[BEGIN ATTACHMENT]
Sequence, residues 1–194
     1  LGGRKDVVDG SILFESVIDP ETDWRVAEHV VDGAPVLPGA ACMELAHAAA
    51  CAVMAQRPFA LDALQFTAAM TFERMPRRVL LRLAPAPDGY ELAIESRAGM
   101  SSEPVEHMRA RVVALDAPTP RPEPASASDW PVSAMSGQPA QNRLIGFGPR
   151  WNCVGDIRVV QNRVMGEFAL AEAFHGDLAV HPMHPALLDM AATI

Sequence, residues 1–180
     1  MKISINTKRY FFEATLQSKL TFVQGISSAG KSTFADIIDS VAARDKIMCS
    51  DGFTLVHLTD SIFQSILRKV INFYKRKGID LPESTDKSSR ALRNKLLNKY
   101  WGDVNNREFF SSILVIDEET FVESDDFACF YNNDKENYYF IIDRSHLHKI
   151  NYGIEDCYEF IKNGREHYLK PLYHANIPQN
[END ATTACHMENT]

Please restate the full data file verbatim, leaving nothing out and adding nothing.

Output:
Sequence, residues 1–194
     1  LGGRKDVVDG SILFESVIDP ETDWRVAEHV VDGAPVLPGA ACMELAHAAA
    51  CAVMAQRPFA LDALQFTAAM TFERMPRRVL LRLAPAPDGY ELAIESRAGM
   101  SSEPVEHMRA RVVALDAPTP RPEPASASDW PVSAMSGQPA QNRLIGFGPR
   151  WNCVGDIRVV QNRVMGEFAL AEAFHGDLAV HPMHPALLDM AATI

Sequence, residues 1–180
     1  MKISINTKRY FFEATLQSKL TFVQGISSAG KSTFADIIDS VAARDKIMCS
    51  DGFTLVHLTD SIFQSILRKV INFYKRKGID LPESTDKSSR ALRNKLLNKY
   101  WGDVNNREFF SSILVIDEET FVESDDFACF YNNDKENYYF IIDRSHLHKI
   151  NYGIEDCYEF IKNGREHYLK PLYHANIPQN